Sir Thomas Stradling (by 1495 – 27 January 1571), of St. Donats, Glamorganshire, was a Welsh politician.
He was the son of Sir Edward Stradling by his wife, Elizabeth Arundell. He married Catherine Gamage, and they had two sons, both MPs, David and Edward, and five daughters.
He was a Member (MP) of the Parliament of England for East Grinstead in 1553 and Arundel in 1554.
The Parliament of England was the legislature of the Kingdom of England, existing from the early 13th century until 1707, when it united with the Parliament of Scotland to become the Parliament of Great Britain after the political union of England and Scotland created the Kingdom of Great Britain.
East Grinstead was a parliamentary constituency in the Kingdom of England, the Kingdom of Great Britain, and the United Kingdom. It first existed as a Parliamentary borough from 1307, returning two Members of Parliament to the House of Commons elected by the bloc vote system. The borough was disfranchised under the Reform Act 1832, but the name was revived at the 1885 election when the Redistribution of Seats Act created a new single-member county division of the same name.
Arundel was twice a parliamentary constituency in the Kingdom of England, the Kingdom of Great Britain, and the United Kingdom. The first incarnation strictly comprised the town centre of Arundel and was a borough constituency in Sussex first enfranchised in 1332 and disfranchised in 1868 under the Reform Act 1867. Arundel initially elected two members, but this was reduced to one in 1832 by the Great Reform Act.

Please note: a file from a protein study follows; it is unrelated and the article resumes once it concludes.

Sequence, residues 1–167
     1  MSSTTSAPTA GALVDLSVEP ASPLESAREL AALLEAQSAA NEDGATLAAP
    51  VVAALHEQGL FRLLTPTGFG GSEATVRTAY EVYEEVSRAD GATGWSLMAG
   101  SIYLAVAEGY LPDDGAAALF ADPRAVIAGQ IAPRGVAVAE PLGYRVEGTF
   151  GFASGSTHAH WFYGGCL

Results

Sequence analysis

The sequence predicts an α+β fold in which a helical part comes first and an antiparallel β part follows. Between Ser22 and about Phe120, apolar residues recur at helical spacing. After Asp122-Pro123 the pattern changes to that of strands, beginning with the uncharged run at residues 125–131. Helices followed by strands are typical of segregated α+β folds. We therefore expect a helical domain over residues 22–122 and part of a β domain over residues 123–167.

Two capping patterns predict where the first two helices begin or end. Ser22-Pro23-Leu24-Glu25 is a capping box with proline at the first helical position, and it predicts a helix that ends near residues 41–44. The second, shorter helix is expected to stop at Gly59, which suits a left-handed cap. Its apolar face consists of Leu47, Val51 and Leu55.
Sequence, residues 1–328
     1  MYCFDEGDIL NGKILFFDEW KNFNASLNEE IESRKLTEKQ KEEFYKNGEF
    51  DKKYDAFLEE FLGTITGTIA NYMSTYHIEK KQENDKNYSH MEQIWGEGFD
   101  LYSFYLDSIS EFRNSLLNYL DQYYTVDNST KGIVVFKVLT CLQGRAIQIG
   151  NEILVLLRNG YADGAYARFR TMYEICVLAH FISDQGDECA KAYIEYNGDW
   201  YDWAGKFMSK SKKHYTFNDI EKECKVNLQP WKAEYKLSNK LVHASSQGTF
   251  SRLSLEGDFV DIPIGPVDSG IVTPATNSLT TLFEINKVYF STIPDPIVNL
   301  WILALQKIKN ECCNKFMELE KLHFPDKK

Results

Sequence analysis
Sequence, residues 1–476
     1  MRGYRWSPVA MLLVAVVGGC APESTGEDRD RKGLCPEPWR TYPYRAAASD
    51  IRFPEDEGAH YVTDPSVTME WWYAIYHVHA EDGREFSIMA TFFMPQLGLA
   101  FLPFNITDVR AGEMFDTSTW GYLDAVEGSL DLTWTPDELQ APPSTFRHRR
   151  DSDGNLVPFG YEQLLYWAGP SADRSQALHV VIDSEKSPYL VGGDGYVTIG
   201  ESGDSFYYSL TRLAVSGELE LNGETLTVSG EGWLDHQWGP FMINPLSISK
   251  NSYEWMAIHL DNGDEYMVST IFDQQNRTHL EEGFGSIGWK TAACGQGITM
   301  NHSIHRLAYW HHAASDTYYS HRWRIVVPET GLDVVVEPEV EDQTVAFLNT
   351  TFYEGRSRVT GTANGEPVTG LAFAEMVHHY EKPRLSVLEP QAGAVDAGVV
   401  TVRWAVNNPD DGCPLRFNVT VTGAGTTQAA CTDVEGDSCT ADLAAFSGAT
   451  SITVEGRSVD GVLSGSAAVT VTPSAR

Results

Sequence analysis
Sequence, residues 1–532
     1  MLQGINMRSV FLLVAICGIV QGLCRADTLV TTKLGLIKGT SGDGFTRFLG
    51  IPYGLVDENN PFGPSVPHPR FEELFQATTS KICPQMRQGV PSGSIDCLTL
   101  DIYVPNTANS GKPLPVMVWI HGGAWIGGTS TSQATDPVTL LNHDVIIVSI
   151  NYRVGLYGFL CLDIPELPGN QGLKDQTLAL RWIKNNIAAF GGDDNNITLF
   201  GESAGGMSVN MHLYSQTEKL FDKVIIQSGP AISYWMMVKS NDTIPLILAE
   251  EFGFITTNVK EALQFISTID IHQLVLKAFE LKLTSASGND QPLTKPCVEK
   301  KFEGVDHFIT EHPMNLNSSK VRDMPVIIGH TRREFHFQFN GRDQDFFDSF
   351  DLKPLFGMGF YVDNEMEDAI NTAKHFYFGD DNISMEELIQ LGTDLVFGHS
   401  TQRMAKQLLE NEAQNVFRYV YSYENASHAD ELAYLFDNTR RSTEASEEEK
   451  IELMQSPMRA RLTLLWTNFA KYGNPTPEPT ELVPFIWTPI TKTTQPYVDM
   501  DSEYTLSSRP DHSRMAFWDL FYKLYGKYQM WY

Anthony Woodville, 2nd Earl Rivers, Knight of the Garter, was an English nobleman, courtier, bibliophile and writer. He was the brother of Queen Elizabeth Woodville who married King Edward IV. He was one of the leading members of the Woodville family, which came to prominence during the reign of King Edward IV. After Edward's death he was arrested and then executed by the future Richard III as part of a power-struggle between Richard and the Woodvilles. He wrote one of the first books printed in England.
Baron Leigh has been created twice as an hereditary title, once in the Peerage of England and once in the Peerage of the United Kingdom. The first creation came in the Peerage of England 1643 when Sir Thomas Leigh, 2nd Baronet, was created Baron Leigh, of Stoneleigh in the County of Warwick. The Leigh Baronetcy, of Stoneleigh in the County of Warwick, had been created in 1611 for his grandfather and namesake Thomas Leigh. The latter was the second son of Sir Thomas Leigh, Lord Mayor of London in 1558, whose third son Sir William Leigh was the grandfather of Francis Leigh, 1st Earl of Chichester. The titles became extinct on the death of the fifth Baron Leigh in 1786.
St Donat's Castle, St Donats, Wales, is a medieval castle in the Vale of Glamorgan, about 16 miles (26 km) to the west of Cardiff, and about 1 1⁄2 miles (2.4 km) to the west of Llantwit Major. Positioned on cliffs overlooking the Bristol Channel, the site has been occupied since the Iron Age, and was by tradition the home of the Celtic chieftain Caradog. The present castle's origins date from the 12th century when the de Haweys and later Peter de Stradling began its development. The Stradlings held the castle for four hundred years, until the death of Sir Thomas Stradling in a duel in 1738.